Social media posts by staff ‘secretly’ tracked by Macau casino Galaxy Entertainment after complaints over Typhoon Hato work conditions
Ethics and legality of deal struck with Hong Kong-based digital company questioned by unions, but Galaxy insists it has done nothing wrong
Employees of a major Macau casino are “secretly” being monitored and manipulated online under a deal struck between the company and a Hong Kong-based digital marketing firm, the Post has learned.
The discreet arrangement – which casino staff have claimed is an affront to personal privacy rights and tantamount to a spying operation – is between Hong Kong stock exchange-listed Galaxy Entertainment Group and locally registered company YouFind.
Internal company documents obtained by the Post give details of an operation to weed out online comments or narratives detrimental to the image of Galaxy and “create positive comments in Facebook groups etc” to “neutralise” negativity.
In practice, this involved YouFind using various online profiles to find and contradict online posts which could make the company look bad, and spread positive news about it.
The “monitoring” and “seeding” operation – which Galaxy said accorded with “entirely standard global industry practice” – was, according to sources familiar with the matter, contractually agreed on. The process bypassed normal procurement procedures and is in direct response to a deluge of online criticism Galaxy faced in the wake of Typhoon Hato almost a year ago.
Last August, Hato ravaged the former Portuguese enclave, killing 16 people. Soldiers from the People’s Liberation Army were deployed in clean-up efforts to get the city up and running again after the worst storm in decades brought it to a virtual standstill.
In February Galaxy put in place a special bonus arrangement after hundreds of employees lodged complaints with Macau’s Labour Affairs Bureau over working conditions during the storm.
An online security and data privacy protection expert described the deal as “the tip of a very big and very worrying iceberg”, and Hong Kong’s privacy commissioner for personal data Stephen Wong Kai-yi said he was monitoring the case.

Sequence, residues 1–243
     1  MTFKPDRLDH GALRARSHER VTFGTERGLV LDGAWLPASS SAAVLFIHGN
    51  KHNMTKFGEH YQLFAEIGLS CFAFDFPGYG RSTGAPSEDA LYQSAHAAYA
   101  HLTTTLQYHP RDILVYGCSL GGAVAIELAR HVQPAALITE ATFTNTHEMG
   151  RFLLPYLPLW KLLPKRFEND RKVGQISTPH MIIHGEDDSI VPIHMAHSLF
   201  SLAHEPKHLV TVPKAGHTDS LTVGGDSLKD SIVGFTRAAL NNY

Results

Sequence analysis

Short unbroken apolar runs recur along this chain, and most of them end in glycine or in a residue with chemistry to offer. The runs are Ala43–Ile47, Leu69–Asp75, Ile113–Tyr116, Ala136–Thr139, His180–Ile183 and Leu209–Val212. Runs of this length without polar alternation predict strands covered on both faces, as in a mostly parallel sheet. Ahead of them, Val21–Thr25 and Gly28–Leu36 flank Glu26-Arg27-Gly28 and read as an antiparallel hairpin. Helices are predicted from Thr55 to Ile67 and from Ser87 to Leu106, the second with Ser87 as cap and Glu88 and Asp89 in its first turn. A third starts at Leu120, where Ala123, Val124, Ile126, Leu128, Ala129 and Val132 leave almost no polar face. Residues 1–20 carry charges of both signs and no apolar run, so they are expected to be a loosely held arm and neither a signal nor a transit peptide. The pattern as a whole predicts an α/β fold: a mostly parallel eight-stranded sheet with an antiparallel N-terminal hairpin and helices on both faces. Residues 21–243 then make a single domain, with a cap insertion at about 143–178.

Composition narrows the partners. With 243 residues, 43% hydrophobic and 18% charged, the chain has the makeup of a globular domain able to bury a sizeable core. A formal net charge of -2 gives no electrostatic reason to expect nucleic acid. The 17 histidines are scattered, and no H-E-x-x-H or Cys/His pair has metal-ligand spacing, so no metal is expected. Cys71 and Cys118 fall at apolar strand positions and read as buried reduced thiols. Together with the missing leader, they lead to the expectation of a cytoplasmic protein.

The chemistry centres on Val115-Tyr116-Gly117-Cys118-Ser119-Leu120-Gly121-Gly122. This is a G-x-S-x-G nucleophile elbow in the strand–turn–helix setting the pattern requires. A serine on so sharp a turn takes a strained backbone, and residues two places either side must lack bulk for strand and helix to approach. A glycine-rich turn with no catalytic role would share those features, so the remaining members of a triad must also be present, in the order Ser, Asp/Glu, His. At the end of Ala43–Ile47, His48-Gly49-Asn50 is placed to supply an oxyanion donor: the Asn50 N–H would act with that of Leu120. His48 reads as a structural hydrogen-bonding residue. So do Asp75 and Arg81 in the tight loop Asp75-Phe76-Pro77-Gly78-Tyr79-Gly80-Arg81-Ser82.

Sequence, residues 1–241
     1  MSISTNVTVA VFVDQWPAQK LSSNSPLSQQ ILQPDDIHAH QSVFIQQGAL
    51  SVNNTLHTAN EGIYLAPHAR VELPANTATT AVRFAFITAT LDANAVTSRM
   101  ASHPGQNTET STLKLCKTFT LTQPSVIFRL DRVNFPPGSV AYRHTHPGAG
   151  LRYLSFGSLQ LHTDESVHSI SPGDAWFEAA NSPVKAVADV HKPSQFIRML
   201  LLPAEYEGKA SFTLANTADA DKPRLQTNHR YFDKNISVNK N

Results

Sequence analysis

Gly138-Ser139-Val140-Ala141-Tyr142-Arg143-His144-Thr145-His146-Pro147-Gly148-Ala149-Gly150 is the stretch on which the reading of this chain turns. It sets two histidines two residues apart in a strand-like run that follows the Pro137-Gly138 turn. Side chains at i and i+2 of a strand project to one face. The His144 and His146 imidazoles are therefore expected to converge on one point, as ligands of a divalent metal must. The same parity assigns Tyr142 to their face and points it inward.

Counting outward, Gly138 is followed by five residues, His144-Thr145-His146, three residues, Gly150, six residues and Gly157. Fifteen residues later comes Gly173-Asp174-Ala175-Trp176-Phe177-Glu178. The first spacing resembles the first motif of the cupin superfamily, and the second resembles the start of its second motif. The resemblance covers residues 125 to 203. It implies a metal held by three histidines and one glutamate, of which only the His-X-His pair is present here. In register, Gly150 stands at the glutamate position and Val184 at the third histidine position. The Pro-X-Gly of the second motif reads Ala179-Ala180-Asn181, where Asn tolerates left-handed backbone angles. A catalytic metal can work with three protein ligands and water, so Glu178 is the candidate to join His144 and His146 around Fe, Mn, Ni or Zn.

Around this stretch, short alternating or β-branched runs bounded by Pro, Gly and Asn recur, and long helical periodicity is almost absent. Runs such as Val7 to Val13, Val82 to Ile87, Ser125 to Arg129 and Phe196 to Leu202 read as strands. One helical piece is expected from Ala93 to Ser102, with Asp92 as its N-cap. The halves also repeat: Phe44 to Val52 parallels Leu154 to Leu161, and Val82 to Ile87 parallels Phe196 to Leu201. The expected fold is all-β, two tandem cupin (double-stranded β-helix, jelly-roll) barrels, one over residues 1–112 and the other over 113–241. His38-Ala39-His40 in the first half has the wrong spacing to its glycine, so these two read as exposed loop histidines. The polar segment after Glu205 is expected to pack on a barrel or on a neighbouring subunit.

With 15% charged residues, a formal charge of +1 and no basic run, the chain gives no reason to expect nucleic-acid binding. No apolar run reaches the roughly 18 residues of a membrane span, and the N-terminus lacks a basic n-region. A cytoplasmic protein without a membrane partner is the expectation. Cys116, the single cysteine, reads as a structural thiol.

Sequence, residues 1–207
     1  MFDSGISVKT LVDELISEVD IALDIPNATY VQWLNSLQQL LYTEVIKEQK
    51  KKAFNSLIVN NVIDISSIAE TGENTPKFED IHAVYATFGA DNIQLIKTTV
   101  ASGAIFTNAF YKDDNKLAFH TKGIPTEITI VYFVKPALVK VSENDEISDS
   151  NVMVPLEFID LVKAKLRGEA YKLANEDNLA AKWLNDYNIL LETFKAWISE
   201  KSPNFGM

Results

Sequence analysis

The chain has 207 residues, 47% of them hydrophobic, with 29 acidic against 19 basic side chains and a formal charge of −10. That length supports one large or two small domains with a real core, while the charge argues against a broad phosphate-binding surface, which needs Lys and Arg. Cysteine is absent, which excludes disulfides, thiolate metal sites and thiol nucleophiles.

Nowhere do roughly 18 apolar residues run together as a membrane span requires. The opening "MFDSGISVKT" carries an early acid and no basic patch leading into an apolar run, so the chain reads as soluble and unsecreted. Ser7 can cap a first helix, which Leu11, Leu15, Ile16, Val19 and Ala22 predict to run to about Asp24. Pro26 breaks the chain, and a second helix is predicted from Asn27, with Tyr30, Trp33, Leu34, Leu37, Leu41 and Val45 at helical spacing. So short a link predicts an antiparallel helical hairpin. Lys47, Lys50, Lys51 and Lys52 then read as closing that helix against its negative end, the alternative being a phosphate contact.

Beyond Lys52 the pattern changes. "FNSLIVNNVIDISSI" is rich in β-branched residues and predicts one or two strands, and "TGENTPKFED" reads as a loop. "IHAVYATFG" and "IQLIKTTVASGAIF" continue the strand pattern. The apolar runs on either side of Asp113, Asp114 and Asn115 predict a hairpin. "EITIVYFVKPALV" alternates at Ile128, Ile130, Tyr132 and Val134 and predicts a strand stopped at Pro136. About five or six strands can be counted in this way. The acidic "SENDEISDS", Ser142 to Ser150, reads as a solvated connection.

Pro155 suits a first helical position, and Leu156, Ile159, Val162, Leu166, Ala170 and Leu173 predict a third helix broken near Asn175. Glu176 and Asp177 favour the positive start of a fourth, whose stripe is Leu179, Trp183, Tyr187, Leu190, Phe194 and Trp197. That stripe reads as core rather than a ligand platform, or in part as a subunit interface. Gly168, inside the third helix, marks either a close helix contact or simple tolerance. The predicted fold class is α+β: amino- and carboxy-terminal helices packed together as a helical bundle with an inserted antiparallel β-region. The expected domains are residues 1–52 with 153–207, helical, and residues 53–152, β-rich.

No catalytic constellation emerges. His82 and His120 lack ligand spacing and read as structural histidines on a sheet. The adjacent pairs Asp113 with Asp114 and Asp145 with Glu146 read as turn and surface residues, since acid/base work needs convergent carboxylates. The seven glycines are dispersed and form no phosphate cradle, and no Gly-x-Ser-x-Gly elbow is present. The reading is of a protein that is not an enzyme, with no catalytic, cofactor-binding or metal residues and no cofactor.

According to the office of the commissioner, both companies are obliged to follow Hong Kong privacy laws, even though the monitoring is in Macau and of employees there.
This has not been done, according to casino staff and gaming employee unions. Galaxy Entertainment Group insisted it did nothing wrong but did not answer specific questions about its legal obligation to inform staff.
One Galaxy employee, speaking on condition of anonymity, compared the move to the Cambridge Analytica scandal earlier this year, when it was revealed that the Facebook data of millions of people worldwide had been accessed by highly questionable means.
“Many local users don’t fully understand how to make sure their posts are only seen by friends. I am very upset about my employer being able to spy on my private conversations and identify any bad comments about Galaxy behind my back,” the employee said.
“Gossip is normal and so is expressing opinions. We should not be spied on by our employer and have the details of our views twisted and faked.
“Pretending to be a normal person when you are not, to make a conversation in favour of the employer, is very worrying. I read about this concerning [US President Donald Trump]. Is this happening in Macau?”
Another employee, who also requested anonymity, said: “Galaxy are very worried about their reputation after their response to Typhoon Hato. But this seems too much, it’s like Cambridge Analytica, and I think it is against me in terms of privacy and the right to speak my opinion, and not have it twisted by made-up people online.”